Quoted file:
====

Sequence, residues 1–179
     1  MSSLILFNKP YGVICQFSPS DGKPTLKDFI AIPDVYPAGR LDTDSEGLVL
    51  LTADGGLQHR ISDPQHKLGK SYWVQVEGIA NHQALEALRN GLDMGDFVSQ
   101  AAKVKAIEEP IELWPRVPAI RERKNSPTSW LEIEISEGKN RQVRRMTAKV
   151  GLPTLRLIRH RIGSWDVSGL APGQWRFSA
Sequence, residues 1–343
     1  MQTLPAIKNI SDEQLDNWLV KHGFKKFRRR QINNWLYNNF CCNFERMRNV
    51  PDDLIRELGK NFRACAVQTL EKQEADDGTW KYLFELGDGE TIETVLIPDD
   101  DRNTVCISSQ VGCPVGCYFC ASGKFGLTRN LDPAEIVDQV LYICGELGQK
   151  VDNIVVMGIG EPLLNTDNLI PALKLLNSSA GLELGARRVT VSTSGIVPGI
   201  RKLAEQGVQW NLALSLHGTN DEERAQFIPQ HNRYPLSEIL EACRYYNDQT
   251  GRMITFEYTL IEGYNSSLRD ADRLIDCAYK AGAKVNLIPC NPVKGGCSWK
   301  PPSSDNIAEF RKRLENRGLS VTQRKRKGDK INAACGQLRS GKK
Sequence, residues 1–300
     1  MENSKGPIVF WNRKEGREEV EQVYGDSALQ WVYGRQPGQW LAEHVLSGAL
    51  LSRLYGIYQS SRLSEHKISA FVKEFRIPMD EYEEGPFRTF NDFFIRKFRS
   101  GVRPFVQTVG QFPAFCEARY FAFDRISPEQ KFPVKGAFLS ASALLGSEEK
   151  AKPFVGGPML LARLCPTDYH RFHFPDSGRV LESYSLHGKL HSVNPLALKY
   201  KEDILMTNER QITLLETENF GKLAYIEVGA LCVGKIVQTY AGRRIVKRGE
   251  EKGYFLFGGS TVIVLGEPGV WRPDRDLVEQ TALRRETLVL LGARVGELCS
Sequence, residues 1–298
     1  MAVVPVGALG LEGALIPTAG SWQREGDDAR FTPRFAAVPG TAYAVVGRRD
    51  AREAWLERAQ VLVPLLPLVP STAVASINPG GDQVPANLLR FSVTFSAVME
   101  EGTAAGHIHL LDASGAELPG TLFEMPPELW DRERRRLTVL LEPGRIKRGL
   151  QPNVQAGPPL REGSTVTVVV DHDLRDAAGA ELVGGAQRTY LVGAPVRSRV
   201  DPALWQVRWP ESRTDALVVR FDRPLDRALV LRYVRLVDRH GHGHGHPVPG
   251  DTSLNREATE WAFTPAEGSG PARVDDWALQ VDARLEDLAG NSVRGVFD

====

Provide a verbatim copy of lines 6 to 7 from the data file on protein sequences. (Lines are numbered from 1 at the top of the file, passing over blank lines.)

Sequence, residues 1–343
     1  MQTLPAIKNI SDEQLDNWLV KHGFKKFRRR QINNWLYNNF CCNFERMRNV